Strategy and Sausages:
A British Strategic Planner in Germany
Monday, 30 December 2019
I visited the UK just before Christmas - my flight was on election day. I was dreading more-or-less every possible outcome of the election, but when I heard the result I felt a surprising sense of relief. I say sense, although it made no sense at all. I have been unhappy about Brexit since the referendum. Over three years of trying to explain, trying to understand ...
I turned up to a party with old friends. Some of them staunch Labour supporters, others keen Brexiteers. But the result was hardly discussed. I could sense my feeling of relief amongst the entire company. No, it's not necessarily what we all would have wished for, but that wish would never have been granted. There were no fights, no name-calling. We'll all still be friends at the turn of the next decade.
I was reminded of what I read in Most Contagious - in the preface, the Editorial Director, Alex Jenkins, says: So, if we can't predict the future, how can we prepare for the next decade? My advice is to hang onto this word: reconcile ... I believe that the people and the brands that will be successful in the next decade are the ones that can reconcile.
It's about changing the vs. to an and.
Digital and traditional
Computers and humans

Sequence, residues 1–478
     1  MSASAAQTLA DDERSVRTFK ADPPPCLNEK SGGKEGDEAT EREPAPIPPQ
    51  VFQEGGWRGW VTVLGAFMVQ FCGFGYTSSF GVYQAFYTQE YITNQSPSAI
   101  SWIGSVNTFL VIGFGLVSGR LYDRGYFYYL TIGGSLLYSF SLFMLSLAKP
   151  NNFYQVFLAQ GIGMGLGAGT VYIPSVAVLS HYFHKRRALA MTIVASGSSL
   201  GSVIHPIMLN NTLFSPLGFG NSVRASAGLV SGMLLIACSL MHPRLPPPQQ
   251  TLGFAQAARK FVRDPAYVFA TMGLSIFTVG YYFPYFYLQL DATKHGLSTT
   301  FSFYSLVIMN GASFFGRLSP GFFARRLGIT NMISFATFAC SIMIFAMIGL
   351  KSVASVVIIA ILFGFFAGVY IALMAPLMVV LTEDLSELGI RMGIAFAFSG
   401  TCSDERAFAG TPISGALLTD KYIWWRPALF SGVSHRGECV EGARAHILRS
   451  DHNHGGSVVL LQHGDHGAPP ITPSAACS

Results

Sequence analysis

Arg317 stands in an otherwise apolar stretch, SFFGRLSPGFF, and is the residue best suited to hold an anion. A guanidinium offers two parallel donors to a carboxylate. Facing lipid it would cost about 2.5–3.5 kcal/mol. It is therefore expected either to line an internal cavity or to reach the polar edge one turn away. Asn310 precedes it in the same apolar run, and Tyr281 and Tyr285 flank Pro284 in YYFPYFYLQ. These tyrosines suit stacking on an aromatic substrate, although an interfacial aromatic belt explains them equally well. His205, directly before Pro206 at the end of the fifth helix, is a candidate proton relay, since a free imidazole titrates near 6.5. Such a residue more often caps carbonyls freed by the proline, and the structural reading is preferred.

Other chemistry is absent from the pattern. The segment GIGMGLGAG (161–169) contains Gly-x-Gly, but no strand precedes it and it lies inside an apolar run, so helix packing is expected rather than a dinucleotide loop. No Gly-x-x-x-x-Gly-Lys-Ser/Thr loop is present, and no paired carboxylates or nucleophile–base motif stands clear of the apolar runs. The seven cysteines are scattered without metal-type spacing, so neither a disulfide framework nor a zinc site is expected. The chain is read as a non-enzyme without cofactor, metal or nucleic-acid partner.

Short-term activation and brand-building
When I returned to social media, it was all still there: vile name-calling for those that have another opinion, people expressing their distress and feeling of betrayal at the election result (often on the behalf of less-fortunate others who probably voted in the opposite direction), crude generalisations and plenty of prancing around on high horses. It all seemed so yesterday, so dated.
I wonder if one consequence of digitalisation is that our brains have become digital? When you look at an analogue clock, it's an analogy or representation of the passage of time. The infinite possibilities and the exact time now are viewable at a glance. All possible times can be seen, and they co-exist as a harmonious whole.
But a digital clock just gives you one time - now. You can't see the spread or scope. It's a "single version of the truth" and if you don't agree, you must be stupid. Or ill-informed. Or misled by enemy propaganda. Or in some foreign country where they do things differently.
Now, have I fallen into my own trap with analogue and digital? Quite possibly - and that's another area where there should be no vs, only coexistence.
The last 20s were roaring. I'm hoping the coming 20s will roar with reconciliation and resound with the things that bind and unite us.
When I was little, I wanted to be a spy. I got off to a good start, studying Psychology at Trinity College, Cambridge but somehow got side-tracked into the wonderful world of advertising and marketing.
My children's books: